The first Siege of Bradford was over, but within six months the second Siege of Bradford after the Battle of Adwalton Moor witnessed the Royalists overturning the Parliamentarian success of six months earlier.
The most prominent 17th century Anglican
A Bradfordian born in the Civil War into one of the place’s most established families became the Archbishop of York in 1691. To this day, John Sharp, educated at Bradford Grammar School, at that time adjoining St Peter’s, remains the most prominent Anglican to have come from Bradford. The high point of his role in the Church of England came on St. George’s Day, 23 April 1702, when he was invited to preach at Queen’s Anne’s coronation, rather than the Archbishop of Canterbury, less favoured by her.
The rise of nonconformism
From the last eighteenth century the growth of the Industrial Revolution led to a sharp expansion in the size of Bradford and with it the rise of non-conformism. Most prominent Bradfordians such as Sir Titus Salt were non-conformists rather than Anglicans, reflecting new trends in religious faith. This was neatly illustrated in the 30 March 1851 Census when for the first and only time the Census contained a separate survey on religious worship, completed by ministers of religion. In Bradford it showed that only 23% of the population that worshipped were Anglican, compared with 68% of non-conformists (eg Methodists, Congregationalists etc) and 9% of Roman Catholics. However, 57% of the official population did not participate in any religion. There were 12 Anglican churches, 41 nonconformist places of worship and just one Roman Catholic church.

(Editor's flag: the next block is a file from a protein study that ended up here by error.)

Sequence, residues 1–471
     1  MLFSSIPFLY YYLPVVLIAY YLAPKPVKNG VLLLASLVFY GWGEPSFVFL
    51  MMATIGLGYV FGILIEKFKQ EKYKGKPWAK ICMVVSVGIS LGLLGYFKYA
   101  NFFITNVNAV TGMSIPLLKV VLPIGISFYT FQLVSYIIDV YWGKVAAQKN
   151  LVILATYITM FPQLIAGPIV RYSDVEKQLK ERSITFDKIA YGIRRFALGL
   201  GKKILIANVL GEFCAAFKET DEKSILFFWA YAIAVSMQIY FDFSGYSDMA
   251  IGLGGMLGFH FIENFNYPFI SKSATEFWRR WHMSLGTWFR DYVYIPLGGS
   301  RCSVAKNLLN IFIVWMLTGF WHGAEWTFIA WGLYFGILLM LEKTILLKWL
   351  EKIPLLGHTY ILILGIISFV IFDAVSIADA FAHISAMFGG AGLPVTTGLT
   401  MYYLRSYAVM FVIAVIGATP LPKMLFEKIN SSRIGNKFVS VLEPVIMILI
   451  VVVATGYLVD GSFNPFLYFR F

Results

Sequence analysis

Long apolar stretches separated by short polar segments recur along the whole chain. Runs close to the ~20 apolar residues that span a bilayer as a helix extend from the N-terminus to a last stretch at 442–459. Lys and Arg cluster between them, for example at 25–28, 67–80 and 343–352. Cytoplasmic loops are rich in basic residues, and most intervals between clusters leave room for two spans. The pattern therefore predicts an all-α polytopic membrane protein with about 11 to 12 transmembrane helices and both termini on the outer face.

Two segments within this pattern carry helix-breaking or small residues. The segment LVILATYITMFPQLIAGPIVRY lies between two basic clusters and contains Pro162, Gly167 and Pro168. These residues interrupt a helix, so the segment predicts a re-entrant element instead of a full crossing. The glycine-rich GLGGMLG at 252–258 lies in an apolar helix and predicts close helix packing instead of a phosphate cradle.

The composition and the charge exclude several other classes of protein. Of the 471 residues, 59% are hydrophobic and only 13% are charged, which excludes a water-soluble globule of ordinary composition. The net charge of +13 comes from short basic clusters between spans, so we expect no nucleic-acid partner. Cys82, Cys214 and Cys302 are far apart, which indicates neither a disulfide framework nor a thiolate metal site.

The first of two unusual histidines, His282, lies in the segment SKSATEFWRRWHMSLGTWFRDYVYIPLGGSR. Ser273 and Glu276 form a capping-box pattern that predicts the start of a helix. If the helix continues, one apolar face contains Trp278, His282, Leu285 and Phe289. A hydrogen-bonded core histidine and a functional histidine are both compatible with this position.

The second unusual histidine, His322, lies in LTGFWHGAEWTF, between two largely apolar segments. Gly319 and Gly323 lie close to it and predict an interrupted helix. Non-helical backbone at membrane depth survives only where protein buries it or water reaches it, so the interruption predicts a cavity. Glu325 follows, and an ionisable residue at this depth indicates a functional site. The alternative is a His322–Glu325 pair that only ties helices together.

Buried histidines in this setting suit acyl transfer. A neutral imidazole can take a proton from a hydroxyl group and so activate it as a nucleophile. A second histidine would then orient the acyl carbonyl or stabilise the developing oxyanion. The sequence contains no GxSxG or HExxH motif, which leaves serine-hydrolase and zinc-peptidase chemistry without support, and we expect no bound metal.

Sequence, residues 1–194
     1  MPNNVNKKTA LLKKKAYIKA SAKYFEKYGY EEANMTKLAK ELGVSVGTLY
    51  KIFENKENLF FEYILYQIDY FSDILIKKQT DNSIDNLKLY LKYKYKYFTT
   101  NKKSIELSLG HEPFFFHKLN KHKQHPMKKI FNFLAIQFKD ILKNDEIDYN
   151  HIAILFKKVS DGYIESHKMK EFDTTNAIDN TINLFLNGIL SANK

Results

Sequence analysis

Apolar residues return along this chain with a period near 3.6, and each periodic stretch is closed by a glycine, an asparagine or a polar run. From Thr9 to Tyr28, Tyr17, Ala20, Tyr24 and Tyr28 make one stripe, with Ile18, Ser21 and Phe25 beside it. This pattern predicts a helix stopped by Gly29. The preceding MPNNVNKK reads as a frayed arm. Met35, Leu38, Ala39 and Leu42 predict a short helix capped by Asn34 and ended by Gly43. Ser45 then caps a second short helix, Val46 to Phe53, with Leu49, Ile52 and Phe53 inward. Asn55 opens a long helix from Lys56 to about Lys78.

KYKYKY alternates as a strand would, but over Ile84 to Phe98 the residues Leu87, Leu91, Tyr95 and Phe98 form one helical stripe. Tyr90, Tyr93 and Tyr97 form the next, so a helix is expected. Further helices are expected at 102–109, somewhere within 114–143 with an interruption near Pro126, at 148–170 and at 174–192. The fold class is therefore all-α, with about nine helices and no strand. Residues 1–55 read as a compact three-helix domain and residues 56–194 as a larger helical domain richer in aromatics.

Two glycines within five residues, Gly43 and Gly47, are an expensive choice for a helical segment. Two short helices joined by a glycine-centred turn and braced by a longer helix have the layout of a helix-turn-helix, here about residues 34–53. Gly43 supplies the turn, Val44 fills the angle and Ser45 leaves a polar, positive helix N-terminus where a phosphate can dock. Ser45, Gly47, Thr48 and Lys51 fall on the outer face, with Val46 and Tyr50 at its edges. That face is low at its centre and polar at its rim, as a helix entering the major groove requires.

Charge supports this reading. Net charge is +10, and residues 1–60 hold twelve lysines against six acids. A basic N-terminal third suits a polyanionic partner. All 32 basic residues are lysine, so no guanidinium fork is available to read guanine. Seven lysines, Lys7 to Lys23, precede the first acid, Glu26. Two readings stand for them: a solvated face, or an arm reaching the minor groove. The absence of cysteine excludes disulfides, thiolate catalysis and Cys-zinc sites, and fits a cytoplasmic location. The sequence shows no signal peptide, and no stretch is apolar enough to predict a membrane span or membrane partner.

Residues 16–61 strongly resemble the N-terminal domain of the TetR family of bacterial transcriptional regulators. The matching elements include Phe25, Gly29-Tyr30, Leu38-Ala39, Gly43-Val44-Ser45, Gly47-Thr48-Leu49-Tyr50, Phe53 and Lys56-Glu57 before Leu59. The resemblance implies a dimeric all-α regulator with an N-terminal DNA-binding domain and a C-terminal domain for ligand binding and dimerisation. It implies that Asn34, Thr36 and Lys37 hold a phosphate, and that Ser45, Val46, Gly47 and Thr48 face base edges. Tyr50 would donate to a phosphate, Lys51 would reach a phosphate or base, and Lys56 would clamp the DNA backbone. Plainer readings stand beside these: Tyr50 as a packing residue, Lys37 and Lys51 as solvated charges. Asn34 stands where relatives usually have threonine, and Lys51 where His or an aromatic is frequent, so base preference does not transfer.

The most prominent 19th century Anglican
Most prominent clergymen in 19th century Bradford were nonconformists, such as Jonathan Glyde (Congregationalist) and Benjamin Godwin (Baptist). The one Anglican who can be added to this list is Reverend William Scoresby (1789 -1857), Vicar of St. Peter’s Church and head of the whole parish. He was only in Bradford for seven years from 1839 to 1846, but he was the most energetic and controversial vicar in the century. He also had the most colourful background for such a traditional role, coming to it as an Arctic scientist.
His father was captain of a whaling ship. As a ten-year-old, Scoresby made his first voyage to the Arctic. From 1803 to 1823 he sailed each summer to the Greenland whale fishery. When 21, he became captain himself on one voyage. Stimulated by studies at Edinburgh University, he became passionately interested in scientific research related to such voyages (eg navigation, astronomy), frequently lecturing on this even during his hectic life in Bradford.
He had also developed deep religious convictions and in 1822 decided to enter the church. He studied at Queens College, Cambridge over a ten-year period, taking positions of deacon at Bridlington and chaplain at Liverpool and Exeter. In 1838 he was offered the position of Vicar of Bradford.